From the outside HMCS Winnipeg may look like the same Halifax-class frigate, but as the saying goes, looks can be deceiving. Following a mid-life upgrade, HMCS Winnipeg is now sporting a host of new systems making the multi-purpose frigate flagship ready.
To show off the ship’s refit, HMCS Winnipeg’s crew hosted a day sail yesterday which showed the frigate’s maneuvering capabilities, as well as its new command and harpoon missile systems, radar suite, tactical data links and countermeasures suites.
The multi-purpose frigates were commissioned between 1992 and 1997 and are touted as the Ferraris of the sea. It was in June 2007 that the Canadian government launched a project to upgrade or refit the 12 Halifax Class frigates.
But the day sail wasn’t reserved just to highlight the ship’s new technology, it was also an opportunity to get a very thin slice of the life of a Royal Canadian Navy sailor.
Heading into the bowels of the 150 metre-long ship that holds 235 sailors, it’s hard not to notice their efficient use of space, their small sleeping quarters, the lack of natural light, and the exercise equipment like stationary bikes and treadmills scattered anywhere they will fit.
Speaking to a handful of sailors, Lt. (Navy) Thomson, petty officer second class Good, and master seaman Beck, their ages and the reasons why they chose the navy are as varied as the time they’ve spent in the military. Whether it’s been 11 years or more than 20, they all say they’ve had an opportunity to see the world.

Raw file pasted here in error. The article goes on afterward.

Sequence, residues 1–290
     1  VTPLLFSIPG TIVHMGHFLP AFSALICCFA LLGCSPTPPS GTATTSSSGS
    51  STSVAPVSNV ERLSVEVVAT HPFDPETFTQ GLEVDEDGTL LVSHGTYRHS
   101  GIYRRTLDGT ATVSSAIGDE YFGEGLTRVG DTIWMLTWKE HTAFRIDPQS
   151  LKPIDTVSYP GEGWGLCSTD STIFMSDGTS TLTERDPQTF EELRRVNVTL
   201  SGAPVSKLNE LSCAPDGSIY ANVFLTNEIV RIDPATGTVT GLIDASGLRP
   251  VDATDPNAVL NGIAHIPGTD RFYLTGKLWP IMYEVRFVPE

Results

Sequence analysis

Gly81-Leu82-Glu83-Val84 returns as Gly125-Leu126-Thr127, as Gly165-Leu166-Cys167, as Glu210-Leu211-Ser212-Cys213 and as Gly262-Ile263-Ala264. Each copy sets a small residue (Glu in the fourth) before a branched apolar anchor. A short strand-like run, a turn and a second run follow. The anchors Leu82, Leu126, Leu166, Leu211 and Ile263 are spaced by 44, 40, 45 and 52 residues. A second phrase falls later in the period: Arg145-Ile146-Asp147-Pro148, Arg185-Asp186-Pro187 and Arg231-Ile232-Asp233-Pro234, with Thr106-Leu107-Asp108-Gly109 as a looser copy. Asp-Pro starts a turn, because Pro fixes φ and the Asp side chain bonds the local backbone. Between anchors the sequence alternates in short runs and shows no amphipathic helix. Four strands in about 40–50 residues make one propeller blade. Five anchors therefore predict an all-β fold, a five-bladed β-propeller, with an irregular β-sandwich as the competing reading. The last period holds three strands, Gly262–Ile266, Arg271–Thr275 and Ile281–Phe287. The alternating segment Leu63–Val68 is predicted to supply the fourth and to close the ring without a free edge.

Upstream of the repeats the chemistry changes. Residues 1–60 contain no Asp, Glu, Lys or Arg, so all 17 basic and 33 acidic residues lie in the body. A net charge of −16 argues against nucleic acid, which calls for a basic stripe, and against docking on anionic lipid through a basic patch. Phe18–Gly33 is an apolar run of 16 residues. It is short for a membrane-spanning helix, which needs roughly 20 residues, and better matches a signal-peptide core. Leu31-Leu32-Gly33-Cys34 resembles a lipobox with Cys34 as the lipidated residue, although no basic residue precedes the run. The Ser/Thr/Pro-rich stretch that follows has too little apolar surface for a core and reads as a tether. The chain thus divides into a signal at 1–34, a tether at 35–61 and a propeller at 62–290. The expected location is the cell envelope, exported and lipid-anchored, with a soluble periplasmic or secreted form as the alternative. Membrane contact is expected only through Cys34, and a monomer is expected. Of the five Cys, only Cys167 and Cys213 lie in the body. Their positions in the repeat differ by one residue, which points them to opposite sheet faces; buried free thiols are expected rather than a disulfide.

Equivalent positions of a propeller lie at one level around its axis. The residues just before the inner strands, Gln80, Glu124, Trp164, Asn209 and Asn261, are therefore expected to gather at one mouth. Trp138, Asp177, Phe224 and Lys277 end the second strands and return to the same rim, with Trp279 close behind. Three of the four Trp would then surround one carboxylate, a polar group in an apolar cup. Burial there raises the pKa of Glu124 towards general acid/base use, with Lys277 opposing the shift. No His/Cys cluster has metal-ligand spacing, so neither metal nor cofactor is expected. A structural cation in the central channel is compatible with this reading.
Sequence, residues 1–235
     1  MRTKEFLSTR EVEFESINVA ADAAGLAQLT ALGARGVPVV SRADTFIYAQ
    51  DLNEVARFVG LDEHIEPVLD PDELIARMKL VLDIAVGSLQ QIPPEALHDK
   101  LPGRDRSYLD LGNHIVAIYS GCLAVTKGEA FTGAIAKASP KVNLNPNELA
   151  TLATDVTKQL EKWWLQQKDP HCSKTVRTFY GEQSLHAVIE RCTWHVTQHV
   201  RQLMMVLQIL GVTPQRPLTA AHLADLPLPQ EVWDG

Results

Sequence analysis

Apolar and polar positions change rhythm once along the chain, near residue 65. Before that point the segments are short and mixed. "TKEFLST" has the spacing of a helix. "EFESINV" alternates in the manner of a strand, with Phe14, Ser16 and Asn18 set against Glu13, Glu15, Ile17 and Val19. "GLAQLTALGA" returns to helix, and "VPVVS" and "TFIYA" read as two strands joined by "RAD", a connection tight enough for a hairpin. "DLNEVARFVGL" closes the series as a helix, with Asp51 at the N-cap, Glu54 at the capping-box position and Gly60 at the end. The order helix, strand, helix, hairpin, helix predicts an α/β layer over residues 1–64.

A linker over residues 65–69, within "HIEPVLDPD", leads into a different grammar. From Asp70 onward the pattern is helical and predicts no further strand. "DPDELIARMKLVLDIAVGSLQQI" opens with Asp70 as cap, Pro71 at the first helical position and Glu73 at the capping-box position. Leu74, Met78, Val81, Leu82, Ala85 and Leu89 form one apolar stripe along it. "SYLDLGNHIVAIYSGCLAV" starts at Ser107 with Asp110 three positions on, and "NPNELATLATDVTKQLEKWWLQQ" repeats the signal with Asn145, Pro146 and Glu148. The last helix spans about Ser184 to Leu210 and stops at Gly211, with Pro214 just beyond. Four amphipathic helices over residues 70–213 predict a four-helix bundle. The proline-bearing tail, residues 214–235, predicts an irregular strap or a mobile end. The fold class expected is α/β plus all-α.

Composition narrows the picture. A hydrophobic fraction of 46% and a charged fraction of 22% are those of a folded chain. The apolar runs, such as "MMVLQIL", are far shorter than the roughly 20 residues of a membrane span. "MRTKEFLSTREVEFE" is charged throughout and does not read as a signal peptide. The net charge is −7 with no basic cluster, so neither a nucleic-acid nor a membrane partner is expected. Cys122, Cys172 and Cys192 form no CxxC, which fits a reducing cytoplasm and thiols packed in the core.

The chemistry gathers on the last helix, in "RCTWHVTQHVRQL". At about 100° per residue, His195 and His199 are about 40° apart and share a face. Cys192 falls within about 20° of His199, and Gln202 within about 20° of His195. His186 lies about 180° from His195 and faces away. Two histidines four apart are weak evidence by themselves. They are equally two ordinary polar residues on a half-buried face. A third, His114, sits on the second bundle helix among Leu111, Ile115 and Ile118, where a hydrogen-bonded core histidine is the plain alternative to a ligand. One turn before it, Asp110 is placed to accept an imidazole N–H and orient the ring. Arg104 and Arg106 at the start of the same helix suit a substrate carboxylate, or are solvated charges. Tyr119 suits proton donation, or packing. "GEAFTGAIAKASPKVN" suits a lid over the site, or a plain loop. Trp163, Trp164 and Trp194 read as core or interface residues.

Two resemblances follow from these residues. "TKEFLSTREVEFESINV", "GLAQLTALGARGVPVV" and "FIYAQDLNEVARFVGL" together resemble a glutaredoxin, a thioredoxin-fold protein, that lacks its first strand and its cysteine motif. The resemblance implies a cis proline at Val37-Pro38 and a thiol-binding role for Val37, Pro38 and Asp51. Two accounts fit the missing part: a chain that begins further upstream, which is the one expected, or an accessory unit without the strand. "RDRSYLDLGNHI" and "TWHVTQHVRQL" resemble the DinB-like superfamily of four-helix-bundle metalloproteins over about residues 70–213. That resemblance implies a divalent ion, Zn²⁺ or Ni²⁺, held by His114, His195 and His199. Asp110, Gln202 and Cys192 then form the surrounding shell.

But along with seeing different regions of the globe, some sailors who have been part of the military for more than two decades have noticed some overarching changes in themselves, the navy and, in some cases politically, since they began their careers.
One sailor mentioned the huge paradigm shift that happened in the navy when they began integrating women onto ships in the mid-1990s. It was also noted that the RCN has been making more trips to the Middle East over the years compared to a decade ago.
And then there’s the technology. HMCS Winnipeg houses the most up to date software systems on a Canadian ship, which came with a learning curve. But the sailors also say the advances made in technology around their ability to communicate with people back home while on deployment has improved significantly over the past decade.
For younger sailors away on a mission, it’s more the norm to be able to purchase a Skype account and talk with loved ones regularly. For the more seasoned sailors, it’s been a noticeable change to have access to people back home and keep connected, which can often make all the difference when you’re away at sea for months at a time.
And the HMCS has seen its fair share of deployments. Along with protecting Canada and enforcing laws on our territorial oceans prior to the refit, HMCS Winnipeg was deployed on missions throughout the Pacific, Indian Ocean and on anti-terrorism operations in the Persian Gulf and Arabian Sea. The frigate was also involved in counter-piracy operations off the coast of Somalia and escorted UN ships carrying relief supplies to East Africa.
Below is a photo compilation on board HMCS Winnipeg: